Movie poster of Article 15. Photo/Instagram
Movie poster of Article 15. Photo/Instagram

BSOI moves SC against Ayushman Khurana-starrer 'Article 15'

ANI | Updated: Jun 29, 2019 03:44 IST

New Delhi, June 29 (ANI): Brahman Samaj of India">Brahman Samaj of India (BSOI) moved the Supreme Court against the film, 'Article 15', starring Bollywood Actor Ayushman Khurana.
The BSOI on Thursday approached the apex court through its National Organising Secretary, Nemi Nath Chaturvedi to stop the release the movie on June 28 and mentioned the matter for an urgent hearing.
However, the Supreme Court vacation bench, headed by Justice Sanjiv Khanna, refused to hear the matter in an urgent manner. It had also not given any date for hearing the case.
The film was, however, released on Friday.
The BSOI, in its 11-page petition, claimed that the content of the film, shows various objectionable dialogues spreading rumours and caste hatred in the society based on a false and concocted story depicting in the name of a background of a true criminal incident.
This violates and diminishes the true spirit of article 15 and 19 (1) of the Constitution of India, the petition of BSOI stated.
The BSOI, sought a direction to the Central Board of Film Certification (CBFC) to cancel the certification granted to Benaras Media Works Pvt Ltd, with respect to the film title and thereby stopping the releasing of the film on June 28, Friday.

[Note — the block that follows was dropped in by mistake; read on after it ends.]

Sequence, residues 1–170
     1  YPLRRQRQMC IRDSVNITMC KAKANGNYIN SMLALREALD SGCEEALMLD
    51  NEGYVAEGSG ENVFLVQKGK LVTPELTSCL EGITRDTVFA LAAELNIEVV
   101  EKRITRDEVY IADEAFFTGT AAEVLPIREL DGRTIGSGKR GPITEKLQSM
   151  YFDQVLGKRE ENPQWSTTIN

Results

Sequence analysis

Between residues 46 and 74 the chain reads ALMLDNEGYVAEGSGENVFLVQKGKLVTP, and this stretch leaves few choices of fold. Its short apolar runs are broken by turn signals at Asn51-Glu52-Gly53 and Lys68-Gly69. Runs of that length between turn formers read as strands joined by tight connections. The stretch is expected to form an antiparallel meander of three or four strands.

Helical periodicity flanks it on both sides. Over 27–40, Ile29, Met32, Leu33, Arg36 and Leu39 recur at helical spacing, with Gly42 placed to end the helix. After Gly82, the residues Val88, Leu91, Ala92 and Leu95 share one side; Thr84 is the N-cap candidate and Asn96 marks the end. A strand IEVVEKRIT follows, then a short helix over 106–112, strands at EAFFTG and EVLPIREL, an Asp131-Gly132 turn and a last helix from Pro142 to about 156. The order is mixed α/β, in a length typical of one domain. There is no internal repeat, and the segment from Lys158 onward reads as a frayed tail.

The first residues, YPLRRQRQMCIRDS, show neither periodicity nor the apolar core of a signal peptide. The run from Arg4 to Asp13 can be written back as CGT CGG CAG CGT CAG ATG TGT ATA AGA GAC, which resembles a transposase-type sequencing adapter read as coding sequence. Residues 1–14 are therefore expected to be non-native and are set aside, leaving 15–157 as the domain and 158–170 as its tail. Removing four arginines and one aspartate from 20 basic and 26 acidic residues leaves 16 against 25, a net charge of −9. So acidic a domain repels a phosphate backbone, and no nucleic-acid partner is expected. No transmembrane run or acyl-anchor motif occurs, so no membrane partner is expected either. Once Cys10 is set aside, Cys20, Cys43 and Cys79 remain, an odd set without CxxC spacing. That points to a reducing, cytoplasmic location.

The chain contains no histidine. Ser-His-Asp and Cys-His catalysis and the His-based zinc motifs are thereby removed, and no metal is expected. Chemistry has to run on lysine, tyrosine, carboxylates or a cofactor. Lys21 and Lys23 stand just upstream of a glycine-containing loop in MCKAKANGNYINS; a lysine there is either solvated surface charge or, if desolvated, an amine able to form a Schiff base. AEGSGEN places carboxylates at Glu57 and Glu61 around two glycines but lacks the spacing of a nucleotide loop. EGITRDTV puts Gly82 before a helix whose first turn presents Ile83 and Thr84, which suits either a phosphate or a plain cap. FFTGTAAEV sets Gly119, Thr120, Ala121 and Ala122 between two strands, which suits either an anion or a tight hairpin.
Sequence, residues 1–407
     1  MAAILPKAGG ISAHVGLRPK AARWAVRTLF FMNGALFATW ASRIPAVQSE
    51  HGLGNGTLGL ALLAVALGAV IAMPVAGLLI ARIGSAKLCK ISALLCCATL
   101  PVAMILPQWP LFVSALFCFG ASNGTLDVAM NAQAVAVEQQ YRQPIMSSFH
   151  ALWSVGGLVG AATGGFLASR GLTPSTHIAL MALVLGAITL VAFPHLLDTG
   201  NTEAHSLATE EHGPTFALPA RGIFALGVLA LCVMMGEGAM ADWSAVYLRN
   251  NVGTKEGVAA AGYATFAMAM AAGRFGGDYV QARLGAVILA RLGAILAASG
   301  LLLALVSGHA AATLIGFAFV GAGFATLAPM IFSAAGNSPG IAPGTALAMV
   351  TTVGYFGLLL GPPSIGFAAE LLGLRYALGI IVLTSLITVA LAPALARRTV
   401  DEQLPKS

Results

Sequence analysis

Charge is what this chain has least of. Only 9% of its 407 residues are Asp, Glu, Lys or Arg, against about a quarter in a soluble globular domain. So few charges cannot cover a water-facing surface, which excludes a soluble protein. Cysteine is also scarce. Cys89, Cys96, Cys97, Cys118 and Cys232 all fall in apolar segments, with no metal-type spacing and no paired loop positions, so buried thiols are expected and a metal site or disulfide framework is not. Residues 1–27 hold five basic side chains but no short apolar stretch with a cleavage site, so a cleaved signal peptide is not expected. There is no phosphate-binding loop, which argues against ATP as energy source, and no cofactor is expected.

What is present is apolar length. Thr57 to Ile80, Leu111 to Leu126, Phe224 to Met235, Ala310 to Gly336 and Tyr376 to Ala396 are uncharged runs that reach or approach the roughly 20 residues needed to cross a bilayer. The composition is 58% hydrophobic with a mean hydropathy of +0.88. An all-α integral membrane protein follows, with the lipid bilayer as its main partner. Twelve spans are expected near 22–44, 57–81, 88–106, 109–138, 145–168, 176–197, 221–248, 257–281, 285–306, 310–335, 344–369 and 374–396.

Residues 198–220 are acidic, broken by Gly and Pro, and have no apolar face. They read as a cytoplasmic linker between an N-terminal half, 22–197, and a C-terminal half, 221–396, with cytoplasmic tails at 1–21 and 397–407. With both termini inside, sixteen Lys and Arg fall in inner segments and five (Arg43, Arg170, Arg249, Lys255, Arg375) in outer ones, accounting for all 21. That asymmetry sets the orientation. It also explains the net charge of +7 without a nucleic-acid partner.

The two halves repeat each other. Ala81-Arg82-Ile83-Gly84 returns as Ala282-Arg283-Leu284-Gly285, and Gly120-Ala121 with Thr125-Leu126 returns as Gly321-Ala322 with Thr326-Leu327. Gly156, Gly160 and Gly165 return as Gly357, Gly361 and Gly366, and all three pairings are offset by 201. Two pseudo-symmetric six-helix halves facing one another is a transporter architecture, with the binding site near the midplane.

The BSOI's petition, a copy exclusively accessed by ANI, claimed that using the articles of the Constitution of India for the title of films without the approval of the government and for the personal/ commercial gain is illegal.
The release of the film is likely to cause severe damage to the public perception of Article 15 and its origin.
This may lead to a trend in film industries by naming title of any feature film in the name of different articles of the Constitution of India, the petition of BSOI claimed.
This will lead to a great difference between what is written in the Constitution and what is shown in the film and the public perception may lead to public disorder, incitement to offence among different castes against each other.
The BSOI further claimed in its petition that the CBFC had gravely erred in issuing a certificate to the film without considering section 3 of the Emblems and Names (Prevention of Improper use) Act, 1950. It clearly showed that the decision to grant a certificate to the film is an error which requires to be considered by the Apex Court. (ANI)

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